June is Alzheimer’s and Brain Awareness month. As we “Go Purple” and do our part to continually raise awareness and celebrate the advancements in medical research, it’s important to understand the disease.
Alzheimer’s disease is an irreversible, progressive brain disorder. Over time, memory, thinking skills and the ability to carry out simple tasks is lost. Although the disease does affect younger person’s, it’s very rare. Early-onset Alzheimer’s occurs between a person’s 30s and mid-60s. Late-onset symptoms, which is most commonly seen, first appear in their mid-60s.
Because the disease is progressive, it’s like the grass growing. Over time individuals may become “more forgetful”, become confused, disoriented, get lost in familiar places, lose familiar items or have trouble finding words in conversation. The disease is diagnosed by a physician who thoroughly evaluates a patient’s medical history, symptoms, current mental and emotional status.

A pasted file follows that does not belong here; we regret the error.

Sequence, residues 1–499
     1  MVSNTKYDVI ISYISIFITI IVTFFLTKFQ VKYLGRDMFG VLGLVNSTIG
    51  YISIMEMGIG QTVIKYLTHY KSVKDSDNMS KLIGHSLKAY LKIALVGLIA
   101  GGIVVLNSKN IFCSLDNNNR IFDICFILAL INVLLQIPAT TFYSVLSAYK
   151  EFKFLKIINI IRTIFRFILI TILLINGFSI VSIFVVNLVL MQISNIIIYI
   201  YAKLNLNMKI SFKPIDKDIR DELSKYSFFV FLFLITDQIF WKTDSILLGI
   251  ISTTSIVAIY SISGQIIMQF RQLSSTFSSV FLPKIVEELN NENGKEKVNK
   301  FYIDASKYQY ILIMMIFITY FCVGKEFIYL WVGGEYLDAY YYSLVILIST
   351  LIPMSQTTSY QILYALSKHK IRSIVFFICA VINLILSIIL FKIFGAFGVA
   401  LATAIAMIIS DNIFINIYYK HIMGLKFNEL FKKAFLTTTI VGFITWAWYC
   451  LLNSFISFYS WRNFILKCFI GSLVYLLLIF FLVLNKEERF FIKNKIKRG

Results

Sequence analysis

Research & Hope:
Some of the new Alzheimer’s treatments in development target controlling the microscopic clumps of the protein beta-amyloid (plaques). Plaques are a characteristic sign of Alzheimer’s disease. Studies occur worldwide. Here are some examples of projects driven to find a cure: developing a drug which removes the plaques that have formed, preventing the destruction of the synapses (nerve cell connections), researching production blockers which reduce the amount of protein build up, identifying ways to prevent proteins from causing “tangles” in the brain and reducing inflammation- Alzheimer’s causes chronic, low-level brain cell inflammation.
Living A Quality Life:
Living with someone who has Alzheimer’s Disease can be overwhelming. Community support is the greatest asset for primary caregivers and it’s okay to ask for help: from day programs and support groups to private care in the home. As we reflect on Alzheimer’s Awareness month, remember it’s essential as caregivers we do what’s needed to manage life’s responsibilities: rest, ask for help, seek a support group and utilize available community resources.
When you need us, we’re just a phone call away. Learn how VNA can help. For more information, call 772-567-5551.